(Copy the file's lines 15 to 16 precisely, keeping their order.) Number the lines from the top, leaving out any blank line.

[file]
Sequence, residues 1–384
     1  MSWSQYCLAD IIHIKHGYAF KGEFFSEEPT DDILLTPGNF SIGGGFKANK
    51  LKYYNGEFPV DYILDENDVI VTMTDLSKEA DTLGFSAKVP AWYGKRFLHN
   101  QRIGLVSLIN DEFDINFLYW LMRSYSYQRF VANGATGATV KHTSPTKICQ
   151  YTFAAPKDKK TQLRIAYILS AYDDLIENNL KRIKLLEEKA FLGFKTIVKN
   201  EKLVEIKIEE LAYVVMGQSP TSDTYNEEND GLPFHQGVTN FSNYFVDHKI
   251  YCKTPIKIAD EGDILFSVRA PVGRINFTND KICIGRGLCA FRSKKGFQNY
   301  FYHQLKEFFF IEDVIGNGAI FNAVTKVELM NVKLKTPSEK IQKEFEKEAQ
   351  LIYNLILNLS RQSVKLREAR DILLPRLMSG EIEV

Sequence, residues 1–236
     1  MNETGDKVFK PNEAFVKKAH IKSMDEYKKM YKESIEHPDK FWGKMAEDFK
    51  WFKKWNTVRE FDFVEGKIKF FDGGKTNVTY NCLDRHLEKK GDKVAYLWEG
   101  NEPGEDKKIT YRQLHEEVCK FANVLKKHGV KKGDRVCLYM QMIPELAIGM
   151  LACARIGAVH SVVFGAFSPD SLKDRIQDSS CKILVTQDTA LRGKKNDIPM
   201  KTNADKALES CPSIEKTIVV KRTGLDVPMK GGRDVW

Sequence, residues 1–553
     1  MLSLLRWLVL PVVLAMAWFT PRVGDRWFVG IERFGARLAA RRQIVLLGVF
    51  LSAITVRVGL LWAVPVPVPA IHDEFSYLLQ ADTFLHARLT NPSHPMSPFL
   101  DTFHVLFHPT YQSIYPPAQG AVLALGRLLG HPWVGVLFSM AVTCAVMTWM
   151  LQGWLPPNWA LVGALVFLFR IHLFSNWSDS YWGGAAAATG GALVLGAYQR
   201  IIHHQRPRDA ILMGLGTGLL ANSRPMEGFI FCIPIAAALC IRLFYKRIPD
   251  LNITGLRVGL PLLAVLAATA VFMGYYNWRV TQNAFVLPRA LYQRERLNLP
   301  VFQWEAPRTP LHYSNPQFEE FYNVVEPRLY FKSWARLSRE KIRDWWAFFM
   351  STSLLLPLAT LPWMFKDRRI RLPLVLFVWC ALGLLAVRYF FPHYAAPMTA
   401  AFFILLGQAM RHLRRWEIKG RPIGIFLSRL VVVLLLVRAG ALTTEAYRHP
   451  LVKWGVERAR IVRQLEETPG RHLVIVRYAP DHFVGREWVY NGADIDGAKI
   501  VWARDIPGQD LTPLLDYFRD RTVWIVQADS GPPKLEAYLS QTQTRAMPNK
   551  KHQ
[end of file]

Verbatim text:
   201  KTNADKALES CPSIEKTIVV KRTGLDVPMK GGRDVW

Sequence, residues 1–553